Italy’s practice of bookending a meal with digestivo has yet to catch on stateside with the same fervor as our love for all things aperitivo. But, as Punch contributor and amaro expert Brad Thomas Parsons notes in our essential guide to the ritual, the rise of the post-dinner drink on American menus is a move in the right direction.
The bitter serves are not just functional drinks; they’re also perfect for the holiday season. After a long, probably dense and decidedly rich meal, why not turn to something that acts as both a palate cleanser and a way to extend the evening? While a simple, neat pour of amaro works well for the occasion, dressing it up as an after-dinner drink is never a bad idea either.
One of the easiest ways to zhuzh up an amaro is to simply shake it with ice. Using a reverse dry-shake method can crown the liqueur in froth and amplify its aroma and flavor. Just as easy, the amaro caldo approach likewise transforms amaro into a cocktail unto itself simply by adding water. Alpine styles of amaro work best for both of these methods.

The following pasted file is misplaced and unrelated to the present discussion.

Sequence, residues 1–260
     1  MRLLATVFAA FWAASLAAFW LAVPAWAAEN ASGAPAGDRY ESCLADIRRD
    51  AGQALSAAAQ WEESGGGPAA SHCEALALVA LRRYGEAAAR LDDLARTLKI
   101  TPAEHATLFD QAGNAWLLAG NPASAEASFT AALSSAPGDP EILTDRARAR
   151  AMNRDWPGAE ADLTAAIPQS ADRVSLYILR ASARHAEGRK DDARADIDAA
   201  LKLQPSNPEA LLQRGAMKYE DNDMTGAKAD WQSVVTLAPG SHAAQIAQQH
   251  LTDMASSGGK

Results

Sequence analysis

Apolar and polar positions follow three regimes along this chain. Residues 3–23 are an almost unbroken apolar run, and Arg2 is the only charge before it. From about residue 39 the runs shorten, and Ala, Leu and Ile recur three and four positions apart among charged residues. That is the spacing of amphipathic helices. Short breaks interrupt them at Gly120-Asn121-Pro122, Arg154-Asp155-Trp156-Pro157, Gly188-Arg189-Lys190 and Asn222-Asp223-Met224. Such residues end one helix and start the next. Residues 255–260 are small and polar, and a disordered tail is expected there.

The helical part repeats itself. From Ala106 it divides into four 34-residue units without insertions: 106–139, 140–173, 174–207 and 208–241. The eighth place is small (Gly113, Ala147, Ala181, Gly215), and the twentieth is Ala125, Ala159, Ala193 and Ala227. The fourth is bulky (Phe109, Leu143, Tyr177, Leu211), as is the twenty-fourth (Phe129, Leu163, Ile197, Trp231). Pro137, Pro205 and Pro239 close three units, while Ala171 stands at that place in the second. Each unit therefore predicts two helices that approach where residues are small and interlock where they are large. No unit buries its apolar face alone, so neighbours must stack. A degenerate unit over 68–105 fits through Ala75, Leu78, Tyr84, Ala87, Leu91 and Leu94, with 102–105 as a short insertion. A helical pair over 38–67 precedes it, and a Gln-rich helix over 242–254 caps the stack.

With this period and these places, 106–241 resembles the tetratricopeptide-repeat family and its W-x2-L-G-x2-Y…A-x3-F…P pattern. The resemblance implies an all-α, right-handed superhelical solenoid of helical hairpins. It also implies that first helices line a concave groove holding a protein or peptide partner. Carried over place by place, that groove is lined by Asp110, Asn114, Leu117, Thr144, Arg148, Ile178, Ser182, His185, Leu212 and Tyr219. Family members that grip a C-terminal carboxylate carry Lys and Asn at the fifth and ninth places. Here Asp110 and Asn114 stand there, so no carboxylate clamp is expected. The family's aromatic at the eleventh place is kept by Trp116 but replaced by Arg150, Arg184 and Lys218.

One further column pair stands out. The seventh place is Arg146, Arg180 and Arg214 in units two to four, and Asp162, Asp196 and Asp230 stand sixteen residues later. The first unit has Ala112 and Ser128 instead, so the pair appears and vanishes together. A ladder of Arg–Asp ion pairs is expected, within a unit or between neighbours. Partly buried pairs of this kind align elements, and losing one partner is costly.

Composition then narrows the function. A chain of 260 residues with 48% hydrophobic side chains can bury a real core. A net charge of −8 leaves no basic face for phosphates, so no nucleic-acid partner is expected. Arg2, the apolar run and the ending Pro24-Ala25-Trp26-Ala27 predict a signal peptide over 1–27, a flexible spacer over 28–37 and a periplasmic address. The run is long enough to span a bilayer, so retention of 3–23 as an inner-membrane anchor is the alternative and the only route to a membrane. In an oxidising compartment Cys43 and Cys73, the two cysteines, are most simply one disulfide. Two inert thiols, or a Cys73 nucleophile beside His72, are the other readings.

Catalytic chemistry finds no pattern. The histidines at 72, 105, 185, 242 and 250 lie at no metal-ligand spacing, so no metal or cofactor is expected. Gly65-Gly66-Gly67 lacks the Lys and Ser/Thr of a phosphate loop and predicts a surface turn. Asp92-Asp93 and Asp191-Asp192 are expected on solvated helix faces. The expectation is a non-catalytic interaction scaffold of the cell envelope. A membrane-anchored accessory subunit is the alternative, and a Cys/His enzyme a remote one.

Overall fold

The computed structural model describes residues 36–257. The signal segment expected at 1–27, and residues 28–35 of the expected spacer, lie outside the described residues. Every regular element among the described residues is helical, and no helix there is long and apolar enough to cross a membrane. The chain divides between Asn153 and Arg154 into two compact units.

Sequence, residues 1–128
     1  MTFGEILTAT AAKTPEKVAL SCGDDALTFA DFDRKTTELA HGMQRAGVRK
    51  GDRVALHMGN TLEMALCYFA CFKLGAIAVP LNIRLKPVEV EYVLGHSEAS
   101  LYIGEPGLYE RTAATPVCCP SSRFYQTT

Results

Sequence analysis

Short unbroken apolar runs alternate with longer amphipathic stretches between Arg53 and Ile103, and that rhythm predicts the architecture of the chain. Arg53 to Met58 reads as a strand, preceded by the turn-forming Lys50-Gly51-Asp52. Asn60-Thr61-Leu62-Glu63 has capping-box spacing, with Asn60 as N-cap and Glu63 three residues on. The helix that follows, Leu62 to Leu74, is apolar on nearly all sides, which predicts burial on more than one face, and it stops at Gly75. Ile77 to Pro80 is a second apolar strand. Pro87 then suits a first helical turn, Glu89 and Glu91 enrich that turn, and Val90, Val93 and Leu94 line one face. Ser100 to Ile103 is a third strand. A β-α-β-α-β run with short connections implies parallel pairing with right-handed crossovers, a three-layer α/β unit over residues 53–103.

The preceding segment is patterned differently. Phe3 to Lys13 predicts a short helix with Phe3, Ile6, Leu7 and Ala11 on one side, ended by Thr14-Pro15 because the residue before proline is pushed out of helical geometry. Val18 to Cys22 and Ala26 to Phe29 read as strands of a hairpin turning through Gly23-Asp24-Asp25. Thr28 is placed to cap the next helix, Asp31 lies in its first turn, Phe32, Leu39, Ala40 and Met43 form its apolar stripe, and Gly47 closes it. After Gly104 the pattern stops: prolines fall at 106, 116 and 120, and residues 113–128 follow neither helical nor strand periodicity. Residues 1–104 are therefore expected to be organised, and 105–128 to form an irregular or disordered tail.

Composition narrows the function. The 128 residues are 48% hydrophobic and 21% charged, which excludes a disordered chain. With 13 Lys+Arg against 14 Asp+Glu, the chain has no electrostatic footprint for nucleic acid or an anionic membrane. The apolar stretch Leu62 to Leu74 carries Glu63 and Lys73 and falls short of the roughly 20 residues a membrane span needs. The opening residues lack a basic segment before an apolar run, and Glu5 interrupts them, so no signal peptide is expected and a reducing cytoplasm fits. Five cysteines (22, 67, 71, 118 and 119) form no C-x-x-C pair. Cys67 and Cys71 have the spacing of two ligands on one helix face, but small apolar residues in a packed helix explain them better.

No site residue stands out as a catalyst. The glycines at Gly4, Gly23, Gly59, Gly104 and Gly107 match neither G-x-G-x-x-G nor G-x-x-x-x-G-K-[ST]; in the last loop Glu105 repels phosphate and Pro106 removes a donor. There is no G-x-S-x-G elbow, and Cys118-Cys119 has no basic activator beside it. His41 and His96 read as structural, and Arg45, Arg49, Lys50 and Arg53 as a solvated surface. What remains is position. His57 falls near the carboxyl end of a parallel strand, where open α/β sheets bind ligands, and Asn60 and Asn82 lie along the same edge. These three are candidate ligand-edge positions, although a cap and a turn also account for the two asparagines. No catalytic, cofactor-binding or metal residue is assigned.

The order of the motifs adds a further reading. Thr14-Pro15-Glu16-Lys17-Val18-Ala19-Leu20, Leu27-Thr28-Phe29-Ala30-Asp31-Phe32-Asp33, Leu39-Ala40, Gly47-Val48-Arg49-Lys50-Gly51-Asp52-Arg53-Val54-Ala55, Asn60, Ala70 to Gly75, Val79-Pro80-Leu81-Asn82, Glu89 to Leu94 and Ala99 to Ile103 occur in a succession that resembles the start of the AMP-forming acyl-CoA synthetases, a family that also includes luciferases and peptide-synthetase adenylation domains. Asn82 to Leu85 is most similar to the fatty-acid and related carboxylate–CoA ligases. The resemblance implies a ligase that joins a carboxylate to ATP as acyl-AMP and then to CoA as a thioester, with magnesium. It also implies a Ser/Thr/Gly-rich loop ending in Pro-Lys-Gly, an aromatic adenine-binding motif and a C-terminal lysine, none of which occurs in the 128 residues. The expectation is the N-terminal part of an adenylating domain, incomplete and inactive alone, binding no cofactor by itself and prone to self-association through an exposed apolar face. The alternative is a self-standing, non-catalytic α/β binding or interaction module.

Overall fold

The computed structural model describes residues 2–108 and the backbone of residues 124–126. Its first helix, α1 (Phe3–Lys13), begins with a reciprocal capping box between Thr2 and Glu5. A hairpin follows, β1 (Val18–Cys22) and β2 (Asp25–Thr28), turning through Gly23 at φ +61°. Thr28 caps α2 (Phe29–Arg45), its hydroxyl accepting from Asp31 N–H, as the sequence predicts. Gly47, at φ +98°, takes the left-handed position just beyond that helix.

Or, take the equally warming caffè corretto, which calls for spiking espresso with amaro or any number of spirits—digestivo, after all, has no hard and fast rules. The Livorno Punch, which fits right into the canon of coffee cocktails, turns to rum and adds sugar and a lemon twist for a bittersweet, brighter take.
While digestivo traditionally deals in neat pours and equal-parts mixtures (like the Ferrari), if you do opt for a more measured cocktail, turn to bitter and bracing versions of the classics. The Fernet-based Bitter Handshake, for example, reads like an Old-Fashioned with the addition of reduced blood orange juice and a simple rye whiskey syrup, while the Little Italy, with its half-ounce of Cynar, makes for a bitter-leaning Manhattan. Indeed, these amaro-tinged takes feel perfectly suited to the post-dinner task. As Chicago bartender Toby Maloney says of his classic-with-a-twist, Eeyore’s Requiem, they’re “an excellent foil to the sweet, bumbling, fruity drinks with very little brain” and to the richer, heavier food typical of a festive meal.